The question most frequently asked of me during interviews and at the end of book talks, lectures, and the like is some variation of "How do you get so much done?"
It's sort of an impossible question to answer, because the actual answer could fill the pages of a book.
At some point it might.
But still, I try to answer the question by explaining my approach to life, my motivations, and offering a few productivity tips that are meant to be emblematic of the hundreds that remain unmentioned for the sake of time and sanity.
Mostly, my answers come down to one precept:
Don't waste time.
But that's not terribly helpful to people who can't see what that means. "Don't waste time" comes in many forms, but yesterday might be a good example of this precept.
Sunday was a busy day for me. I rose from bed at 4:45 AM. After getting dressed, I fed the cats and sat down to write a blog post. When that was finished, I read and revised a chapter of a future novel and finished off a magazine pitch. Then I made breakfast for the kids before leaving at 6:00 AM to play golf.
While making breakfast and on the way to golf, I listened to Springfield Confidential, a memoir by Mike Reiss about his years writing for The Simpsons.
I stepped off the golf course at 8:55 and drove to my friend's house, where I helped move furniture until 9:30. Then I returned home. I clean up my kids' breakfast dishes, showered, and changed clothing.
I had 15 minutes before leaving the house with the family for the Coventry Farmer's Market, so I sat down and edited the second segment of the Speak Up Storytelling podcast episode that dropped this morning. Then it was off to the market for a couple hours of fun with Elysha and the kids. We sat on hay bales, eating breakfast sandwiches and Italian ices while listening to a band play songs by Tom Petty, Jack Johnson, and Michael Jackson. Then we walked the market, buying flowers and saying hello to vendors we know before leaving.
On the way home, we listened to music. Answered Charlie's existential question on the nature of heaven. Debated the greatest vocalist of all time. Discussed the innocuous nature of the band Foreigner. Decided to learn the lyrics to Crosby, Stills, and Nash "Southern Cross."
When we returned home from the market, I had another 45 minutes before I needed to leave for Miss Porter's for camper orientation. For the next week, I'll be teaching a storytelling workshop to 28 girls from around the world. During those 45 minutes, I edited another segment of the podcast and decided on a story idea for a Moth StorySLAM on Monday.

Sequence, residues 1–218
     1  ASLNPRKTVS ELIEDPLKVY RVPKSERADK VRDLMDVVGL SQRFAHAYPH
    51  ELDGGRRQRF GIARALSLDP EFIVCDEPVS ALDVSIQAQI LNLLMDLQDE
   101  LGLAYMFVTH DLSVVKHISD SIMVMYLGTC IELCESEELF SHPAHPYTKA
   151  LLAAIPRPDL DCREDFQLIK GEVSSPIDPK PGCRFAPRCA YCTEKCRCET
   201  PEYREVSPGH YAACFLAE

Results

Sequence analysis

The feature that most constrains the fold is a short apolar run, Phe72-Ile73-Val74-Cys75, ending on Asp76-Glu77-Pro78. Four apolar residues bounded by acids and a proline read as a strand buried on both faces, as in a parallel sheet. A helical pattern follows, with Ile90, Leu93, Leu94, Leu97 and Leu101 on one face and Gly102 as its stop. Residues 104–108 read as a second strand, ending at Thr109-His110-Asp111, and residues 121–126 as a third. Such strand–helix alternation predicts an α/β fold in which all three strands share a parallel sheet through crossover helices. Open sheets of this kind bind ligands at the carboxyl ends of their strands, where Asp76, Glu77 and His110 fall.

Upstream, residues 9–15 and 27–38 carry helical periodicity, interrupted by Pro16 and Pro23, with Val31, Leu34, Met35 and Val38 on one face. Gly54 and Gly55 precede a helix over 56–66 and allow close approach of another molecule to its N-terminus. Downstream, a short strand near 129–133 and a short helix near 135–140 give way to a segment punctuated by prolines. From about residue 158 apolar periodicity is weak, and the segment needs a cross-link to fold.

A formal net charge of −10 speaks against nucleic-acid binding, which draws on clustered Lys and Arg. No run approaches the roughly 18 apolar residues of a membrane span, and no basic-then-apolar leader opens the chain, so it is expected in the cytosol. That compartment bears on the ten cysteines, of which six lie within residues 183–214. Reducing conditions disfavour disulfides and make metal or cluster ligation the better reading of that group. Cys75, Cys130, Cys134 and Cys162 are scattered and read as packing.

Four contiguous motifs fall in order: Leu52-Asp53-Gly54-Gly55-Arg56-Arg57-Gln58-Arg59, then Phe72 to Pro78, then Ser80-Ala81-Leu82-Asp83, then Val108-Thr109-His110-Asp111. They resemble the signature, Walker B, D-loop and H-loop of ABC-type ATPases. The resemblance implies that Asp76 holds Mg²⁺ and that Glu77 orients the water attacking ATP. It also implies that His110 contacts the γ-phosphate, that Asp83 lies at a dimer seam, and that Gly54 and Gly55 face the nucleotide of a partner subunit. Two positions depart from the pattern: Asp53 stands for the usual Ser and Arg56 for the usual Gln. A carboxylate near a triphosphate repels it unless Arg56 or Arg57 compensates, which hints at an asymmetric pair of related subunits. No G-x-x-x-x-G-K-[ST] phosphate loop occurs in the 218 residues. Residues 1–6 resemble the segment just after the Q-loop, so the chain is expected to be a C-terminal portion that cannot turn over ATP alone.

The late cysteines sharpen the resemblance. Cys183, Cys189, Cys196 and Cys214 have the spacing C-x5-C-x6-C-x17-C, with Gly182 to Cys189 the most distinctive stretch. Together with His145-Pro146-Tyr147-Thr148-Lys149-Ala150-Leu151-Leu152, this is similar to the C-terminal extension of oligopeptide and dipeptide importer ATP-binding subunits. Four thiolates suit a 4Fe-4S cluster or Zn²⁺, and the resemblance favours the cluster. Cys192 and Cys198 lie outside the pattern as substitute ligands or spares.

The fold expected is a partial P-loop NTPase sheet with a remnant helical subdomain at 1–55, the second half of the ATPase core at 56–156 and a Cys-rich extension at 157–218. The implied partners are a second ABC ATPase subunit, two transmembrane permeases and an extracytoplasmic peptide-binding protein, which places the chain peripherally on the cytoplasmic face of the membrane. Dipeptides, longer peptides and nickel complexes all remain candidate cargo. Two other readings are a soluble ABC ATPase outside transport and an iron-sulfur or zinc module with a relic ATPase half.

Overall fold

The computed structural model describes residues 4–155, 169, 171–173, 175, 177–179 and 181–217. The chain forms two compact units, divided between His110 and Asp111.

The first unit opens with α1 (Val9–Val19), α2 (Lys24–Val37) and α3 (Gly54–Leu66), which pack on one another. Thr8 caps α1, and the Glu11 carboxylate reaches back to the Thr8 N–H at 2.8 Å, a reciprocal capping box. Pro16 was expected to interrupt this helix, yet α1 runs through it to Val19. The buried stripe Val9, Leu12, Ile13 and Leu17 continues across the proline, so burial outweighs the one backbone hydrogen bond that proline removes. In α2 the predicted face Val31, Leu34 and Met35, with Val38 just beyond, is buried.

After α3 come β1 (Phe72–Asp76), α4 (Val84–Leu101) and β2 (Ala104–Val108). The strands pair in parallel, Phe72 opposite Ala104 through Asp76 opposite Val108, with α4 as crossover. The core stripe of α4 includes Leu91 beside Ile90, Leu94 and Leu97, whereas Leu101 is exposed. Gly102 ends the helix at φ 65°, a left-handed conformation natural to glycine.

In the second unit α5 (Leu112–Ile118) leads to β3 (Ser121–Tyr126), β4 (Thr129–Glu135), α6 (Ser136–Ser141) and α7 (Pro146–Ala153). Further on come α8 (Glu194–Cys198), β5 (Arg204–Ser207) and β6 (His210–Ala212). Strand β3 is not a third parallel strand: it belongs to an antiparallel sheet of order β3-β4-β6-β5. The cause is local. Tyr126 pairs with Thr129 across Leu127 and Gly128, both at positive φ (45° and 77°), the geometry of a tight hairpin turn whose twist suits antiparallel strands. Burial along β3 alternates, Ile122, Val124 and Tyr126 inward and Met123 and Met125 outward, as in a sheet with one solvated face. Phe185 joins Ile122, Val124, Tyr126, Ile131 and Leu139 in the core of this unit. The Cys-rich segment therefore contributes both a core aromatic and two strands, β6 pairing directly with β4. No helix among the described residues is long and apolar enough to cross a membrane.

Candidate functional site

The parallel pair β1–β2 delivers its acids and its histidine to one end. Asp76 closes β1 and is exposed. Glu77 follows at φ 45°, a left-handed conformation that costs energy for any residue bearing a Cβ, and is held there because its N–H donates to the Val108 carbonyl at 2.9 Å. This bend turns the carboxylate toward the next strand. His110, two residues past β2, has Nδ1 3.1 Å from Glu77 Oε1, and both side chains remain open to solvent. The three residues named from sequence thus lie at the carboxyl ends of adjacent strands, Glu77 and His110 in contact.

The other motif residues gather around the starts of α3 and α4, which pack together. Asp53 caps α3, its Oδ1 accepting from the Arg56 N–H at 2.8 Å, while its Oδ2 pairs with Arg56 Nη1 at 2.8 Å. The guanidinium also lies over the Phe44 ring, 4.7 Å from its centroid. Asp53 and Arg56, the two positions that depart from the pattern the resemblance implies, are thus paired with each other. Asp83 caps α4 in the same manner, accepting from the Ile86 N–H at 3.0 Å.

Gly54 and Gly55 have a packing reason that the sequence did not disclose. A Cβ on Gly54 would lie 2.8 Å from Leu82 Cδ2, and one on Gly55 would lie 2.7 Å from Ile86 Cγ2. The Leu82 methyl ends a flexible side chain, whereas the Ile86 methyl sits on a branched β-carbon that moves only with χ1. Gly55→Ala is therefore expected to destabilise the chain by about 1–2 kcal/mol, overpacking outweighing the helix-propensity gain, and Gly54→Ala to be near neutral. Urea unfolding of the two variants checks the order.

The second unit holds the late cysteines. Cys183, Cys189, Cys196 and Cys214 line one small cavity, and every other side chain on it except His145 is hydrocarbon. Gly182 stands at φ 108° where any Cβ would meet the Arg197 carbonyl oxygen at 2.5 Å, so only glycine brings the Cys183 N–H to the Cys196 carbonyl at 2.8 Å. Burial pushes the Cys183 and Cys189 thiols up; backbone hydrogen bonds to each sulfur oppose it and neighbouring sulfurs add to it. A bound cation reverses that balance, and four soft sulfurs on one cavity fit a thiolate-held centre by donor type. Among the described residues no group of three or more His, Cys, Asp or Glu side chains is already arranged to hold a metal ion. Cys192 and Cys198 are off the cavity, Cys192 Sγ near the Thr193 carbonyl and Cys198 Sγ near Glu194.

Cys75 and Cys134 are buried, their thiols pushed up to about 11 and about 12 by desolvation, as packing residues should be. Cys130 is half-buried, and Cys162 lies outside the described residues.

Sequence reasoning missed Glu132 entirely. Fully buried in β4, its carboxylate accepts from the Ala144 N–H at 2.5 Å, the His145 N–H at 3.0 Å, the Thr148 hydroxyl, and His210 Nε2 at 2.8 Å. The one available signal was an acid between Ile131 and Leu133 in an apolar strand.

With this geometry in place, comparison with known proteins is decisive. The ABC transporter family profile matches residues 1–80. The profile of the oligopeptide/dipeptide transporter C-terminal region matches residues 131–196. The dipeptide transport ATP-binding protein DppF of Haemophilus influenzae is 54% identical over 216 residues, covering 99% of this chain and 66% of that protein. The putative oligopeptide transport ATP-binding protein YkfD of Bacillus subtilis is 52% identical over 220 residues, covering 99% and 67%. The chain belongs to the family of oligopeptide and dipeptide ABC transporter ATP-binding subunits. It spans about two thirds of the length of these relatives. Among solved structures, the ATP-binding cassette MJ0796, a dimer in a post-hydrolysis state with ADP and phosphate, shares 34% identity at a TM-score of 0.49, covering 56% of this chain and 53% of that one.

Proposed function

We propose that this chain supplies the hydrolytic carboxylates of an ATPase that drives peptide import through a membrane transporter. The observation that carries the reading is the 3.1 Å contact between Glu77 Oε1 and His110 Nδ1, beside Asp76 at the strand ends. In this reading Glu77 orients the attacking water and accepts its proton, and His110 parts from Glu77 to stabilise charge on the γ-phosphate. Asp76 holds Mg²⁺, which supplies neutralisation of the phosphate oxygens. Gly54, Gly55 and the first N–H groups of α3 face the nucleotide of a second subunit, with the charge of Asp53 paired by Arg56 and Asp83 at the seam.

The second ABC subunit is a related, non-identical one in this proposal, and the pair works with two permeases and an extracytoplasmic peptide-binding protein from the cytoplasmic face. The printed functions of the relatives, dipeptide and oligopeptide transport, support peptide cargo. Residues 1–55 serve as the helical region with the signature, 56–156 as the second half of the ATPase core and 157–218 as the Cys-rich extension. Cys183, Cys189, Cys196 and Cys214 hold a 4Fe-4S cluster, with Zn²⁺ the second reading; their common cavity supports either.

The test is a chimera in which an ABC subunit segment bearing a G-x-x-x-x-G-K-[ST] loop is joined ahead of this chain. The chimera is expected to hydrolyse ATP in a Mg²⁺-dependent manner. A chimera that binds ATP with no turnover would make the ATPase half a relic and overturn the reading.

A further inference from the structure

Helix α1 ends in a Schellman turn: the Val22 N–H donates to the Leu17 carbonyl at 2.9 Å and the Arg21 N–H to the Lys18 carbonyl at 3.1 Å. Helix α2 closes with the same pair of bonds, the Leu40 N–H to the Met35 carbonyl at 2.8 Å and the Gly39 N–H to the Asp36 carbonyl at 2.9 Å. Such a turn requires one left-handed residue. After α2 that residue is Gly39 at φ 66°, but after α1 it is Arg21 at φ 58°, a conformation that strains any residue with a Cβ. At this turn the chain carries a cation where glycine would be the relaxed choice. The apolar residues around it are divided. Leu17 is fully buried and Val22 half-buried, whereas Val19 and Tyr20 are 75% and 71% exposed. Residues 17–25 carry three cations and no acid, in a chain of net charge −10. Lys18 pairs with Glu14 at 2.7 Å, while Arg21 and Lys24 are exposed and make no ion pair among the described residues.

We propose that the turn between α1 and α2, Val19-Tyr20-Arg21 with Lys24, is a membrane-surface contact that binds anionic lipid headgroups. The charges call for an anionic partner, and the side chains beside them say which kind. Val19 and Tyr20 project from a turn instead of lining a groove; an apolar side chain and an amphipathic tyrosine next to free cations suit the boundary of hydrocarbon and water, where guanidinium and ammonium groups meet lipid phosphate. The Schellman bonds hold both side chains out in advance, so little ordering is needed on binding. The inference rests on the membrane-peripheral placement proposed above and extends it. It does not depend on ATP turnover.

On the way to Miss Porter's School, I worked on that story, which I had started working on about a year ago but had never finished. I spoke the story aloud as I drove.
For the next two hours, girls arrived at Miss Porter's and registered for camp. I met my counselors, chatted with folks from last year's camp, and answered parent questions. At the same time, I had my laptop set up by the squash courts, When not needed, I was editing the podcast and preparing a follow-up email for the workshop participants who I taught on Saturday in Boston.
At 4:00, I addressed the parents and campers, talking about the week we had planned. I took some questions, finalized some details, and left. I drove 30 minutes to a friend's house where I met Elysha and the kids for a barbecue. On the way to the barbecue, I worked on my story, finding arc and the transition sentences I would need.
I enjoyed a barbecue with friends before driving another 20 minutes for ice cream at Rich Farm. I listened to Springfield Confidential on the way since I was in a separate car.
After ice cream, I drove the 45 minutes home, listening and finishing Springfield Confidential. When I arrived home, I fed the cats and finished editing the podcast and scheduled it to publish at midnight. Sitting beside Elysha, I answered email and read through the magazine pitch once more. I dragged the trash and recycling to the curb. Then I went to bed around 11:00 PM.
That was a full day. A round of golf with friends. A visit to a farmer's market with my family. A barbecue and ice cream with friends and faimily. Moving furniture. Orientation at Miss Porters School.
It was busy, but I spent a lot of time with my family and friends, and since I carry my golf bag on my back, managed some exercise as well.
Actually, the moving of furniture was the real workout of the day.
But in between all of it, I edited a podcast. Wrote a blog post. Wrote a magazine pitch. Revised the chapter of a novel. Finished listening to an audiobook. Planned a story for The Moth. There wasn't much time to accomplish these things. Most of them were completed in the spaces of my day. Between activities. At the beginning of the day. At the end of the day.
Truthfully, it wasn't a terribly productive day in terms of writing, storytelling and the like. Most of my time was occupied by other pursuits. But in between, when time could have been wasted, I got some stuff done.
I also didn't watch TV. I didn't scroll through social media. I didn't arrive home and putter around the house. I maximized the spaces of my day.
Spaces we all have. Everyday.
This is how I get so much done. There are also an enormous number of routines and strategies that I use to maximize my time. Other stuff, too. A book's worth of stuff.
But this is a good start.